Senator Connie Leyva’s (D-Chino) bill to address deepfake videos depicting sexual conduct failed to pass out of the Senate Appropriations Committee yesterday. SB 564 would have created a new civil cause of action for the creation or distribution of such videos without the consent of the depicted individual. It also would have created a minimum $5,000 damage award, allowed the plaintiff in such cases to file using a pseudonym, and closed public access to the court records of such actions. CNPA opposed the bill with the aim of having the bill’s provisions narrowed in order to avoid unintended consequences.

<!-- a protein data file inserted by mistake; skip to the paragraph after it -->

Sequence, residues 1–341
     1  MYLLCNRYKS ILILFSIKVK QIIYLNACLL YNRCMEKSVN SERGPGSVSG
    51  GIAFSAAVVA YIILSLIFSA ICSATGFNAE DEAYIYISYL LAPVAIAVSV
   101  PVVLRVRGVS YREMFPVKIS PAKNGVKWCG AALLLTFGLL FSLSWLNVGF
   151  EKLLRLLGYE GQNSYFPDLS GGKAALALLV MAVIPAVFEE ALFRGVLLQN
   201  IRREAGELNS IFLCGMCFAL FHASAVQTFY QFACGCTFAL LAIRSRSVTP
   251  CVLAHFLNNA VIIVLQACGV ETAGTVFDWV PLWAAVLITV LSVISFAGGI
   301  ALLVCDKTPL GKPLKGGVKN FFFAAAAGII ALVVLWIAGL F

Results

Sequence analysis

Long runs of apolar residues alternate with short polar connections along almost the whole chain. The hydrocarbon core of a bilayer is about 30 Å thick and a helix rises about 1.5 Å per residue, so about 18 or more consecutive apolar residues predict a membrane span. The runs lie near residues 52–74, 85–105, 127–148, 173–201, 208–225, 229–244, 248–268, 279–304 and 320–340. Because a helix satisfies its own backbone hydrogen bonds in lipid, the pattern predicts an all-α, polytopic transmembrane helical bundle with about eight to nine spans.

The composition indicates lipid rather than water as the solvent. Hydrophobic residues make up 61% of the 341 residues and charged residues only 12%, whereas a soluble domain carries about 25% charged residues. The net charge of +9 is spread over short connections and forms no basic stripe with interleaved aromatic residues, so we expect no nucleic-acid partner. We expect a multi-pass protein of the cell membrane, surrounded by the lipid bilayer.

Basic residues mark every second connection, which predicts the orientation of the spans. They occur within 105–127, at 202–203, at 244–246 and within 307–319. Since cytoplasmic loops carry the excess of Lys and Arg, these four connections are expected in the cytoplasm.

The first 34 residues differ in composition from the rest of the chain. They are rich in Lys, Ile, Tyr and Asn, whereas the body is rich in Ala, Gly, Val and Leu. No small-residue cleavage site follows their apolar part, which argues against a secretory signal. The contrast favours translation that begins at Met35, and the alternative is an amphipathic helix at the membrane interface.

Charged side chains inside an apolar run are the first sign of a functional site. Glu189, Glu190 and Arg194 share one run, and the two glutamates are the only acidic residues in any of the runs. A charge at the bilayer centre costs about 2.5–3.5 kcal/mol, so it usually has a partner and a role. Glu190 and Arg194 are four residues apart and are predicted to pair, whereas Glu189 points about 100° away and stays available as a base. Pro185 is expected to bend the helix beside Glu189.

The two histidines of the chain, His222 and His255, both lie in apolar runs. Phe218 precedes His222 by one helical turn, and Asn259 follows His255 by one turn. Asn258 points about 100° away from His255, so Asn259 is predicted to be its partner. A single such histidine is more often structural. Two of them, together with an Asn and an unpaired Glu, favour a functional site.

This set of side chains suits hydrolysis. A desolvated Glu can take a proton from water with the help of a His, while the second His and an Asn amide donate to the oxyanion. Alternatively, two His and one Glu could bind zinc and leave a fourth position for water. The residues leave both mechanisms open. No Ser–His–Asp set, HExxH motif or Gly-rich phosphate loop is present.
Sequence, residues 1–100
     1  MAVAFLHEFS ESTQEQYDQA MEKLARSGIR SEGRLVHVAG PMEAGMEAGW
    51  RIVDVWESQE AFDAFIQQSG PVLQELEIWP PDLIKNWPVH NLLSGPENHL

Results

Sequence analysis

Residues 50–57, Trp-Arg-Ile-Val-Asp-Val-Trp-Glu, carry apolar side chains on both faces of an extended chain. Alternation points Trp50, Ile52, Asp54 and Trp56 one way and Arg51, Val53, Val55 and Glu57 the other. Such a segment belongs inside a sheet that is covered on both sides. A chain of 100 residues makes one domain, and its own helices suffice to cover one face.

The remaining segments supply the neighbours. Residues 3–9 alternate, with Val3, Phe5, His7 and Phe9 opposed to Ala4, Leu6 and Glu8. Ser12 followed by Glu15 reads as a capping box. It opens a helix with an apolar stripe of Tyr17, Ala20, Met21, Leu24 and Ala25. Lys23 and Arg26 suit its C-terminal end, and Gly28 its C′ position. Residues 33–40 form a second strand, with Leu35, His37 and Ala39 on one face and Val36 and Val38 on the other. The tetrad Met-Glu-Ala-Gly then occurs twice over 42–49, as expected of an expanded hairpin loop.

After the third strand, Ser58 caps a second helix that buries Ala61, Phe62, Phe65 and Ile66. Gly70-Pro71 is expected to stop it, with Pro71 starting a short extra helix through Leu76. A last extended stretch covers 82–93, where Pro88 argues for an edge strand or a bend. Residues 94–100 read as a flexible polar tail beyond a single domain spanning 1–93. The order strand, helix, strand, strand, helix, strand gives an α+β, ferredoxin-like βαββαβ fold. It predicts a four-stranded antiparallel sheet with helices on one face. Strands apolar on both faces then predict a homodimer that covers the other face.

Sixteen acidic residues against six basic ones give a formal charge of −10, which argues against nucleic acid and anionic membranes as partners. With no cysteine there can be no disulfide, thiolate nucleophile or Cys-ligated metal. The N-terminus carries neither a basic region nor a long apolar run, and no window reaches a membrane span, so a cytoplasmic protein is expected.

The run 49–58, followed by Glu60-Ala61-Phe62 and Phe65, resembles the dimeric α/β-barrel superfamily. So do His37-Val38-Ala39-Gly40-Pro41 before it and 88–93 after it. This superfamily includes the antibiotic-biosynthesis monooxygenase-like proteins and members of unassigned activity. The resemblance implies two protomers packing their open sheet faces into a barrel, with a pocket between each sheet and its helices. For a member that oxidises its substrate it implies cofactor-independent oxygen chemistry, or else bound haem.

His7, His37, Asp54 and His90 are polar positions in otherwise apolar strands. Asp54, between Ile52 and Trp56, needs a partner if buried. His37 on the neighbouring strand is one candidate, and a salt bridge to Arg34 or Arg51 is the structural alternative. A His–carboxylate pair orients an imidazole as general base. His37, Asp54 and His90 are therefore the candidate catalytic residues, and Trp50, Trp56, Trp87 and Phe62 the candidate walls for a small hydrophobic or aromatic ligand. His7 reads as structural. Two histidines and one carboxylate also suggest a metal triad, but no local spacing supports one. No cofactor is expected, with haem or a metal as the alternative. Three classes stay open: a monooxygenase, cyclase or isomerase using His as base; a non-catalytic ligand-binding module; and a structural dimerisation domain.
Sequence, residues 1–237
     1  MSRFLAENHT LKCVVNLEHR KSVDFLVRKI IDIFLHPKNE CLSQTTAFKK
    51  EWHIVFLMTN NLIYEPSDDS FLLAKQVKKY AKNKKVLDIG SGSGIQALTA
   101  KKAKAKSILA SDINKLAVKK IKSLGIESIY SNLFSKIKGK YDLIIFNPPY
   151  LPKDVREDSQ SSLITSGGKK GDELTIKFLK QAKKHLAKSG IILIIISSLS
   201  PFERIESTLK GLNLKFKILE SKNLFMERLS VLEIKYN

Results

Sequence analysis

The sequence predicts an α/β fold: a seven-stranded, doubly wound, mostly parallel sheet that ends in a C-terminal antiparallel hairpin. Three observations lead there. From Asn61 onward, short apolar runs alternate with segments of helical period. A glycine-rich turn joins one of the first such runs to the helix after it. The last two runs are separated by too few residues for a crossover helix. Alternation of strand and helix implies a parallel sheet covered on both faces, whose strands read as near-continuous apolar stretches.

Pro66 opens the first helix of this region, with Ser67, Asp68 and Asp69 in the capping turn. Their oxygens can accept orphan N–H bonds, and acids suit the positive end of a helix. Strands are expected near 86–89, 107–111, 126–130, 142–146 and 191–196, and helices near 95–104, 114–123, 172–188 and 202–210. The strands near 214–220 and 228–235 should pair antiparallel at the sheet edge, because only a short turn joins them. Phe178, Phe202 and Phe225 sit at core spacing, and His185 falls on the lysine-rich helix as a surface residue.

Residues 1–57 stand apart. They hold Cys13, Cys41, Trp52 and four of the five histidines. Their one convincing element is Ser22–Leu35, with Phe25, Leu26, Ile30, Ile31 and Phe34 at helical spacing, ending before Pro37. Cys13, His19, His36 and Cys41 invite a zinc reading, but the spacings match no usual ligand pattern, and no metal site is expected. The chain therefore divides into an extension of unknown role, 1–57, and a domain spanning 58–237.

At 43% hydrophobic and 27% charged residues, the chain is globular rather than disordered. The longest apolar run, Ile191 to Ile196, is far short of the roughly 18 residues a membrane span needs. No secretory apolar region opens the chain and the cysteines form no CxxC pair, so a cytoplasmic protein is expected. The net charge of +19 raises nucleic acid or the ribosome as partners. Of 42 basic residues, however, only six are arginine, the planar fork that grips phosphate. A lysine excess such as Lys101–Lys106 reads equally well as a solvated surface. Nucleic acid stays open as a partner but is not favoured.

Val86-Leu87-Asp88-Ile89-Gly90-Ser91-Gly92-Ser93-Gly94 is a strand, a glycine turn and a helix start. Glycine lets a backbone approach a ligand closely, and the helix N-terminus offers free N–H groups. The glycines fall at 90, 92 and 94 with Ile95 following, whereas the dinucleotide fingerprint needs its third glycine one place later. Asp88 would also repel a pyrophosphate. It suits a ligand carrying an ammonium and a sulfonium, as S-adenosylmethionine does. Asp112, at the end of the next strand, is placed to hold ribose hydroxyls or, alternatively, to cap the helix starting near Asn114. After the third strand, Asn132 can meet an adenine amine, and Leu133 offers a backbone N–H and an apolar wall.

SB 564 is the second of three bills to address deepfakes that has died in the Legislature this session. The first, AB 1280 by Assemblymember Timothy Grayson’s (D-Concord), would have created criminal liability for the creation and distribution of certain deepfakes and was rejected by the Assembly Public Safety Committee in April.
The last remaining deepfake bill is AB 602 by Assemblymember Marc Berman (D-Palo Alto). AB 602, which was recently approved by the Assembly, amends California’s existing civil cause of action for so-called “revenge porn” to include cases in which video editing technology is used to make it falsely appear as though a person engaged in sexual conduct.